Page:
Now, the tip of Bumble’s nose is warm. He climbs down from the tree and runs through the wood, over spruce needles, moss and tree roots, along creeks that spring from nothing, and past boulders, large as houses.
On the shore, Honey is awake and has done her morning exercises: four stretches to the East and five to the West. Two big yawns and fifteen hops on each foot in the hopscotch squares drawn in the sand.
Now it’s the waves’ turn. They’ve been patient, Honey thinks as she skips into the water. They are waiting for her there, eager and happy.
The white waves snap at Honey’s back. She groans and splashes after them. “Just give it up, boys!” she shouts. “You’ll all get yours. Just wait and see!”
She runs onto the beach and hops back and forth before throwing herself into the sea again in surrender. The waves caress her thighs, tickle her where she is most ticklish, lifting her into the air like a queen being carried through town on a litter.
Bumble sits under the milk ramp and counts his toes. Are they all there? He thinks so, be he can never be sure. Then he thinks about his stamp collection. It’s been neglected lately. Left alone, and left to the curious beetles in the matgrass. But they can still be salvaged.
The road is deserted and hilly, filled with potholes and the shadows of trees. But Bumble can’t see the shadows. He sees the sun pushing through the treetops.
Bumble has nine toes on his left foot.
Eight on his right.
That’s just as it should be.
Bumble has plans to rearrange his stamp collection, to put the stamps from Monaco behind the stamps from France. Now, Monaco comes before Morocco. It doesn’t work well. It makes more sense to move them after France. He wants it that way. That’s better.
There is so much that can be done with the stamp collection. There are so many methods to sort them. Size is one method, color another. He closes his eyes and pictures a stamp from Belize: blue sea and something that looks like a yellow sail far in the distance.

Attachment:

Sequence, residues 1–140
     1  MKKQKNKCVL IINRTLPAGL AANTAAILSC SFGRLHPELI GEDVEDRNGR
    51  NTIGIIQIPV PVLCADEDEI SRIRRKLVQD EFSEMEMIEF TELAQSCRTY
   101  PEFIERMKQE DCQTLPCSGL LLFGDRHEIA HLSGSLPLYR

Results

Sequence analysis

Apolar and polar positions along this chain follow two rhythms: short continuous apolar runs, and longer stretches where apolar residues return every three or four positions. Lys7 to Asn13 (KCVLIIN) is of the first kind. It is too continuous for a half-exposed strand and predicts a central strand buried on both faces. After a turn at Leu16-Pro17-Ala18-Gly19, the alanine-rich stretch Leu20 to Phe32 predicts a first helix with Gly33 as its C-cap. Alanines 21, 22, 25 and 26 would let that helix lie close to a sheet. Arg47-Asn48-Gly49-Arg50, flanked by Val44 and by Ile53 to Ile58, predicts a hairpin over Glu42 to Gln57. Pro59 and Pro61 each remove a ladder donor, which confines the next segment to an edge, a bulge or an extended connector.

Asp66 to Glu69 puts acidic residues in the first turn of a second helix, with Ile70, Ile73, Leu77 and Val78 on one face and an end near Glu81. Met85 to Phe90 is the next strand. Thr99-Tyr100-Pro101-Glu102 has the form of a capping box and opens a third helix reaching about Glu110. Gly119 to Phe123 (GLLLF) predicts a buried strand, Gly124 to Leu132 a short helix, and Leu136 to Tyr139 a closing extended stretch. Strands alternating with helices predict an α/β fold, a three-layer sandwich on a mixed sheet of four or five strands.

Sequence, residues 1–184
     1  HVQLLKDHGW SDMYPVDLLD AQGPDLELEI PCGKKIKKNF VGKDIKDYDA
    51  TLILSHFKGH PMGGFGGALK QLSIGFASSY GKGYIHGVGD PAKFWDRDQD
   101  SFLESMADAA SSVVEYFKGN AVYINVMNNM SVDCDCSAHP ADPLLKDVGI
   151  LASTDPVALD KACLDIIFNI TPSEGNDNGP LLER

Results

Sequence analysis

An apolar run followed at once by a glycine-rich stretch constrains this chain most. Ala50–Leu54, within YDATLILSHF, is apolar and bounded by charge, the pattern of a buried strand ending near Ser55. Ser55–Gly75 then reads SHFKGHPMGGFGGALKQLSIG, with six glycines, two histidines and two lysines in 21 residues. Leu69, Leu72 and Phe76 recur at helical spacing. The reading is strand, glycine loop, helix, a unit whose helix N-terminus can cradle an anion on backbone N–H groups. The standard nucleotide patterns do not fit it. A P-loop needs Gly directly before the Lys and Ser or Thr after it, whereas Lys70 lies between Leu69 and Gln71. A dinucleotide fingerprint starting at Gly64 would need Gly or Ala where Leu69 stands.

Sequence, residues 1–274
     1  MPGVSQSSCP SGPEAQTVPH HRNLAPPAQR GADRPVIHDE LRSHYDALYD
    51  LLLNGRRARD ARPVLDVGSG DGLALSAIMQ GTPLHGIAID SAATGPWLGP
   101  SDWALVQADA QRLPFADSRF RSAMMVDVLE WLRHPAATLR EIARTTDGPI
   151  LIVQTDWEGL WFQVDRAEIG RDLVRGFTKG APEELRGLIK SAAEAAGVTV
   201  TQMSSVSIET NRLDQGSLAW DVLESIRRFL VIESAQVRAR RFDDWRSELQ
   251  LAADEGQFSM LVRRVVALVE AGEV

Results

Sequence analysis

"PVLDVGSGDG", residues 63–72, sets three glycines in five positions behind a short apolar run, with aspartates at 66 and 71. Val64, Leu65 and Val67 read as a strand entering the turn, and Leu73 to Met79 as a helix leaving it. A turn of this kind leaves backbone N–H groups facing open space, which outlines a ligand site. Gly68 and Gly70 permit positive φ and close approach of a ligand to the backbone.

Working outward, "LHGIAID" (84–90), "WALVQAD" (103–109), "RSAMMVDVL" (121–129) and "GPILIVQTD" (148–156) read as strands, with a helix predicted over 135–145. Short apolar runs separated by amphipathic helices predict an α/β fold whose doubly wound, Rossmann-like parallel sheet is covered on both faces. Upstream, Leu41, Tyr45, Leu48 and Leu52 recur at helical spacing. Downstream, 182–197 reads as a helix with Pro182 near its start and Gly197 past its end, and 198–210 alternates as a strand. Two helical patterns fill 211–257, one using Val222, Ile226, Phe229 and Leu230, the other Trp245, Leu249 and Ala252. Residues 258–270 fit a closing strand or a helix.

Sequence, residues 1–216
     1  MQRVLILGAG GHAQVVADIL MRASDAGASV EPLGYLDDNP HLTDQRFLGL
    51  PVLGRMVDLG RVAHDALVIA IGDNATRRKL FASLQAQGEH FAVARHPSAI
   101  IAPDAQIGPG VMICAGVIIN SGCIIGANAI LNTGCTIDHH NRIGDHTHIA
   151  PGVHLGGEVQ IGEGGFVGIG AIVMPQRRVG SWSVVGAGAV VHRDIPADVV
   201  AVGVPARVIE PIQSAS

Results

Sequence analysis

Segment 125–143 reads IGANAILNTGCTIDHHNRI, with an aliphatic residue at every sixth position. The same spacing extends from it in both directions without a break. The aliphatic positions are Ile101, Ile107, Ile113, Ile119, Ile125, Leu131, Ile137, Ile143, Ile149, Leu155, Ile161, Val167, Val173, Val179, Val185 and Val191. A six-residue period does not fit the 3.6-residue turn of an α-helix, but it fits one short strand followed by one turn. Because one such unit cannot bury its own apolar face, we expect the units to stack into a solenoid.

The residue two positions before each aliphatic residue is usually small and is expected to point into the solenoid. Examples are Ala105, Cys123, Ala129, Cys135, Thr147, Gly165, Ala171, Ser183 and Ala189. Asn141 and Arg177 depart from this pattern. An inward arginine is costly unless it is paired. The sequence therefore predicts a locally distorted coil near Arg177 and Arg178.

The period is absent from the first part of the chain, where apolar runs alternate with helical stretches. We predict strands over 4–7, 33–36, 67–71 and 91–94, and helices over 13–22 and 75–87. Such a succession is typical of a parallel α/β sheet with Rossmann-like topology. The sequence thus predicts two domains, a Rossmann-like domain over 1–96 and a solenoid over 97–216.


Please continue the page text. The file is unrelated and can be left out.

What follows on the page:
He opens his eyes again. The sun has moved a little and is shining on an anthill on the other side of the road. Thousands of small, industrious ants are at work.
Honey is sunbathing. She’s hungry. Her stomach is growling loudly—louder than the roar of the waves beating on the beach.
She thinks about apples, apple pie, apple juice.
She thinks about potato chips, hot dogs, and mustard from Dijon.
But thoughts don’t fill the stomach, thinks Honey. Food fills the stomach.
She fumbles in her sack and takes out a bottle of cod liver oil: more than enough cod liver oil. But no one to share it with.
Her stomach rumbles again, a low, friendly rumble that sort of tickles. She’s very hungry, but there’s no reason to rush anything. The apples aren’t going anywhere, and if they do, they’ll come right back when she calls.
Her hair pulls her toward the wood.
“Yeah, yeah,” mumbles Honey. “Everything in it’s time.”
A Range Rover appears from around a bend in the road. It has a roof-rack that is loaded with a surfboard and a sail.
Bumble’s thoughts have wondered off on their own. He’s thought about women and all that goes with them. About soft curves and hidden canyons, about hair that smells of lilacs and skin like soft caramels.